|Posted on Monday, October 08, 2007 - 9:14 am: |
"Sociologist, cultural anthropologist; born in Suffolk, Va. Son of a West Indian immigrant who became a Baptist preacher, he graduated from Hampton Institute in 1931 and participated in Quaker peace and racial justice campaigns as a young man. With Horace Cayton, he coauthored Black Metropolis (1946), a landmark study of Chicago's south side ghetto. He taught at Dillard, Roosevelt, and Stanford Universities, advised leaders of newly independent African nations, and helped develop training programs for Africa-bound Peace Corps volunteers" (www.biography.com).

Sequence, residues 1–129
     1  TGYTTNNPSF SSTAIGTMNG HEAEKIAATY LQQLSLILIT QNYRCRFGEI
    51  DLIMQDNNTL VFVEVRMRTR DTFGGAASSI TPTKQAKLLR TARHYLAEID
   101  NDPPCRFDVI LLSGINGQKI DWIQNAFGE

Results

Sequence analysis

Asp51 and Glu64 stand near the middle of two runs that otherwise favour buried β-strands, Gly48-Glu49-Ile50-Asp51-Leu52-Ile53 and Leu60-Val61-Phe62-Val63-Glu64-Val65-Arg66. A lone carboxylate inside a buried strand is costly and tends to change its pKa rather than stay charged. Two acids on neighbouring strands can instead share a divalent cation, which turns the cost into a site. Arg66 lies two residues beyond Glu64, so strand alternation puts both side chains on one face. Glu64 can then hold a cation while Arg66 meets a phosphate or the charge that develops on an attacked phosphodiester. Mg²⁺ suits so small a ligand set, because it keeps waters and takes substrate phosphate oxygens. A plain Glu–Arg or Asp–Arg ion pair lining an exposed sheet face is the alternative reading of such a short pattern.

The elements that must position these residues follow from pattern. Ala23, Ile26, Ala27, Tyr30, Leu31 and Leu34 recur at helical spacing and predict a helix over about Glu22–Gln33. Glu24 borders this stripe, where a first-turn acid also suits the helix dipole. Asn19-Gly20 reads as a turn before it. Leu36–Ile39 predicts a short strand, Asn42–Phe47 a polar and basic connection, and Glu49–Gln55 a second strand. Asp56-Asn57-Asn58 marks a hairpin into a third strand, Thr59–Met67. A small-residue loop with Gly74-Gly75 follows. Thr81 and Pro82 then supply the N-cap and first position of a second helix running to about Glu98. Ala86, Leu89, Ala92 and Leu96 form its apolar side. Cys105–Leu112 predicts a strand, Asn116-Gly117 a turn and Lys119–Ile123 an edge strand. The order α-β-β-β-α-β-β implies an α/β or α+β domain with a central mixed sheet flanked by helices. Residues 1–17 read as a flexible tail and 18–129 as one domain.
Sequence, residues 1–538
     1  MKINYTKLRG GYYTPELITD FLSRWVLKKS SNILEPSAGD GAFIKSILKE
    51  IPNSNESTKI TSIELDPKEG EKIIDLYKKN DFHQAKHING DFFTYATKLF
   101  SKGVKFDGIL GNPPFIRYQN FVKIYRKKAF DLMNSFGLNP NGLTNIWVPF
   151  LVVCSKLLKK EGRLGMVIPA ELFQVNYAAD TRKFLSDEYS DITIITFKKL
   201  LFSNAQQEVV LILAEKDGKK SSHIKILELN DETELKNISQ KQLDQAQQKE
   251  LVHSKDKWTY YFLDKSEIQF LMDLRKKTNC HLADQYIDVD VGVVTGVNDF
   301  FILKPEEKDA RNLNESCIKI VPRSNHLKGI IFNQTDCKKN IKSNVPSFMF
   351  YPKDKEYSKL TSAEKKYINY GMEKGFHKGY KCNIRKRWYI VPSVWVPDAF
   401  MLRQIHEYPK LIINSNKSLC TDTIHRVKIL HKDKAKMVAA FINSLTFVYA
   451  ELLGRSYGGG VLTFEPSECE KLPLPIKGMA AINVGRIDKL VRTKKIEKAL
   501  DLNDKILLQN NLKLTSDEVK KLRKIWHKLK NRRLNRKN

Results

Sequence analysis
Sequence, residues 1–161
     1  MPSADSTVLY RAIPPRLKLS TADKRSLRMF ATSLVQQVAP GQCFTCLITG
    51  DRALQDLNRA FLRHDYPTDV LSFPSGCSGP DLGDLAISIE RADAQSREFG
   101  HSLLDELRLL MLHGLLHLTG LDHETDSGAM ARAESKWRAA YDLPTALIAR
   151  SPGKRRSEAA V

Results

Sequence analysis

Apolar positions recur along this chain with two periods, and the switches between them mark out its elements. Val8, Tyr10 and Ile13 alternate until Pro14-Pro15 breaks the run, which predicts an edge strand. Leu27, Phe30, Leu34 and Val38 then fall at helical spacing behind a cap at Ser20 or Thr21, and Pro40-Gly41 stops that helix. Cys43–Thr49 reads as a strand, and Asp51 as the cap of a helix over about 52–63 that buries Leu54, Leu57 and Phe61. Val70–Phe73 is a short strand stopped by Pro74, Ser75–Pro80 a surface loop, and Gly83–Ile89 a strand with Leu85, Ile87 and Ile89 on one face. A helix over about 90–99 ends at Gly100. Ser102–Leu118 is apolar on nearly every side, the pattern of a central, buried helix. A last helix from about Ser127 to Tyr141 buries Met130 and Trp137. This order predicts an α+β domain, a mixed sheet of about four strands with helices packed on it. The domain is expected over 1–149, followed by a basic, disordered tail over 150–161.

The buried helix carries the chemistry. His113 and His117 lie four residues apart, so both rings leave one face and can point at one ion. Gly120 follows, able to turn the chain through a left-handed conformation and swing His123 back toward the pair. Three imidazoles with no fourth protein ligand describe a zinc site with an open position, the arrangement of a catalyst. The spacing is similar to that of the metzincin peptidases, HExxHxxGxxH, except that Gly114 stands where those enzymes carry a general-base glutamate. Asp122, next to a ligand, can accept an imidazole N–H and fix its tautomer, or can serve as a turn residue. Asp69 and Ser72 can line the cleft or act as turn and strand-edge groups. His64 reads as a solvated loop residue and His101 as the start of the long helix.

"Drake was born in 1911 and past away in 1990, in those years he accomplished many things. Drake was an educator and social anthropologist who taught sociology at Roosevelt and Stanford Universities and at the Universities of Liberia and Ghana. His study of social life in the Caribbean and West Africa and in the black communities of Chicago and Great Britain spanned the 1930's to the 1980. His major study of Blacks in Chicago, Black Metropolis, written in collaboration with Horace Cayton, was published in 1945. A prolific lecturer and author, his many articles and essays appeared in books and in scholarly and non-scholarly journals in the United States and in Africa. At the time of his death he had been working for several years on a voluminous manuscript entitled "Africa and the Black Diaspora" (Stanford Press, 1995). Drake was and still is a major influence in the lives of many African Americans. He made many advances in anthropology and is still revered as a key player in the field.